This may sound a bit strange but the one thing that hadn’t occurred to me when The Seven Letters was published was that people might actually read it. I imagined a handful of people, mostly friends, might pick it up, but somehow I had it in my mind that the general public wanting to read it would be a step too far. Perhaps the isolation of writing had somewhat fogged my brain and I had most definitely lost a ‘connection’ with the outside world during the writing process.
How wrong I was. The first reader feedback arrived within ten hours from Michelle Meador, a Blogger in the USA! I was amazed. Then, within twenty-four hours, I was inundated. A buzz was being created around my book and not just here in the UK, but all over the world. It was a wake-up call about the power of the Internet but also how fast word spreads thought the reading fraternity.
Then came the reviews. Each one was a wonderful, uplifting and often touching reassurance that the work I had put into The Seven Letters, including four years of research and all those hours shackled to the computer, was for good reason.
Since then I’ve discovered that many people do not realise how good reviews can mean so much to an author and some do not understand how much a bad review hurts. Writing a novel is a long process and it is not to be undertaken lightly. There is a great deal of dedication involved and personal sacrifice comes fitted as standard. I gave up a good income to write my book and I had to learn to cut my cloth accordingly, I stared longingly at handbags and shoes instead of buying them, but ask any writer and they will tell you that the drive to write is all consuming. Personally, I needed to tell the story of the forgotten women of the Resistance in France and, once I began to piece together what I had discovered, it would not be silenced
Over the past year my book, The Seven Letters, has gathered momentum and it now has a following that has exceeded all my expectations. I still cannot believe that it’s been read by thousands of people.
The many book groups I have attended and the various talks I have done have opened my eyes to how Claudette’s story has impacted on people and meeting my readers face-to-face has become my new favourite thing. They all love seeing the author in person and I am equally fascinated by their take on the plot, characters and themes even if, sometimes, I find myself inwardly screaming: ‘No, you’ve got Claudette’s motivations all wrong!’ or ‘The Matt thing had loads of clues!’ The funny thing is, readers often ask me what happened to the characters after the end of the book, and I have no idea because I haven’t written their story.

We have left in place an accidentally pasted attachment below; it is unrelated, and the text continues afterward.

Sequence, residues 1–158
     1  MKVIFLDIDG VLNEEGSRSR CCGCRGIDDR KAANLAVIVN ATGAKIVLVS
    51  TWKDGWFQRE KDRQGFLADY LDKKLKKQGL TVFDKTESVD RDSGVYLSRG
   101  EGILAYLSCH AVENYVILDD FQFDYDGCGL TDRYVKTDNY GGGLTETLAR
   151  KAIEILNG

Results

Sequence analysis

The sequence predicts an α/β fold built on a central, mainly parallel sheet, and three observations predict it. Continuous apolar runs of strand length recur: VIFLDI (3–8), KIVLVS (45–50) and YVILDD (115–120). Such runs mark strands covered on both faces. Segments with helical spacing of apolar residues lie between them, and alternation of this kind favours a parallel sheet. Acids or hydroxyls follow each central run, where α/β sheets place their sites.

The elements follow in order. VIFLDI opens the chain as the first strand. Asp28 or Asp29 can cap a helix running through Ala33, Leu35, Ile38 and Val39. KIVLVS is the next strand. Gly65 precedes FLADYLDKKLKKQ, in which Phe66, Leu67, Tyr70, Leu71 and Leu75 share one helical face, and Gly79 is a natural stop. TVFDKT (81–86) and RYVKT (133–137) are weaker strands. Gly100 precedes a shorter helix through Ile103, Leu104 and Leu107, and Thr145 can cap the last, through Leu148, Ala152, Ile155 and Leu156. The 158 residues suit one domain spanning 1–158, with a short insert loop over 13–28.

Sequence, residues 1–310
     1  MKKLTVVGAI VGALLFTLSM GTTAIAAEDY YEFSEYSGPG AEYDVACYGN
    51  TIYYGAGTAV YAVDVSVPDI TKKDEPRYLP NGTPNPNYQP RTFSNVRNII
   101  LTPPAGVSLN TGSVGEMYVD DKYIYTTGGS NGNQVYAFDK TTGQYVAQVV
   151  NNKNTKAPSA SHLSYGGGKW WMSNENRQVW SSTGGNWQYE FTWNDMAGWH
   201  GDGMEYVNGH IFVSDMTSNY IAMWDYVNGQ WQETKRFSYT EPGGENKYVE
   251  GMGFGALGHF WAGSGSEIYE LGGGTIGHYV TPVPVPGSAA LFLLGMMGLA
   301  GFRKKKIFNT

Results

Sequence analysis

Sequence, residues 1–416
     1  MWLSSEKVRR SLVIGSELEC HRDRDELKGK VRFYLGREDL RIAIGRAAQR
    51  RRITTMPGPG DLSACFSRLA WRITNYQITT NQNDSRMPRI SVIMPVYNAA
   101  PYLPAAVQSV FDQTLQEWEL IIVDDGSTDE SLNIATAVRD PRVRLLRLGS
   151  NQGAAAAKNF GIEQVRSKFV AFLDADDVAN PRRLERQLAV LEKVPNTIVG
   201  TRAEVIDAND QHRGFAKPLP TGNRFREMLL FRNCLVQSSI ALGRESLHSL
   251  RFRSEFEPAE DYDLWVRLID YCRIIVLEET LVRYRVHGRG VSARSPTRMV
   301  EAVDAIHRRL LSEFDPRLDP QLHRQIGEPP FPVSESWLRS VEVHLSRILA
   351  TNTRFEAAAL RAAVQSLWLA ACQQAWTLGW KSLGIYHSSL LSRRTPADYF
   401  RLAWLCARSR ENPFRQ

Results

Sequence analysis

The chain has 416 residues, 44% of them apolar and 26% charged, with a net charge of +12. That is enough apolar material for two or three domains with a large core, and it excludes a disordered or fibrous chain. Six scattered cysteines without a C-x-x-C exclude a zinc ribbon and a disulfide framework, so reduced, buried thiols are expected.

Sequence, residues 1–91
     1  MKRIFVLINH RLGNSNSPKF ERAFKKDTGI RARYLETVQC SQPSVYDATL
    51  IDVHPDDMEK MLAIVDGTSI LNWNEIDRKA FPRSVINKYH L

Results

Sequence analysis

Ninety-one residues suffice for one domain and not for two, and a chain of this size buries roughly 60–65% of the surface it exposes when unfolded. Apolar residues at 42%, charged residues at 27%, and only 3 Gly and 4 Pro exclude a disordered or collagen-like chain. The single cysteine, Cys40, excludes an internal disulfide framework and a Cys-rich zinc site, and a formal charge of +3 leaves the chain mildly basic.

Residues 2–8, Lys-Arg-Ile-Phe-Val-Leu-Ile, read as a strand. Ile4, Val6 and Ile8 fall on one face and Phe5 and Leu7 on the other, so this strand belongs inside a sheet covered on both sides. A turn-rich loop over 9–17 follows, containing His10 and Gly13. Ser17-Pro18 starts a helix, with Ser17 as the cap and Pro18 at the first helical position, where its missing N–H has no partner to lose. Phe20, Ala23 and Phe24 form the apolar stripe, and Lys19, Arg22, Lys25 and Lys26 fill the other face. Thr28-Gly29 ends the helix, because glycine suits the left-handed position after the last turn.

Of course people aren’t always complimentary about an author’s work. It’s impossible to please all the people all of the time, but I wish people would be kinder. I’ve met really great authors who have given up because they were upset by bad feedback. Writing is a craft, long in the learning, it takes bravery to put your work forward and we must never forget that it’s a window to the soul, it always comes from the heart.
I often see unhelpful reviews of books and I wonder if the writer thinks the author is a machine who just churns out words. Just one injurious line can seriously damage a career. Recently, I saw a comment under a newly launched science fiction title: ‘I don’t like science fiction so I’ve marked this as a one star.’ I felt so sorry for the author who had his book marked down because of a reader’s personal reading preference!
As my next book goes into production it is given wings by the people who have loved my writing. Their kind words, lovely feedback and great reviews have kept me buoyant and I really appreciate all the encouragement. For every person who has told me they loved The Seven Letters, or who have taken time out to write a review, my heart has been truly warmed. For that, I will always be incredibly grateful.
Jan Harvey’s new book will be released in October 2018. To follow its progress please do
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or contact Jan through her website.
Very soon you will be able to pre-order your signed copy.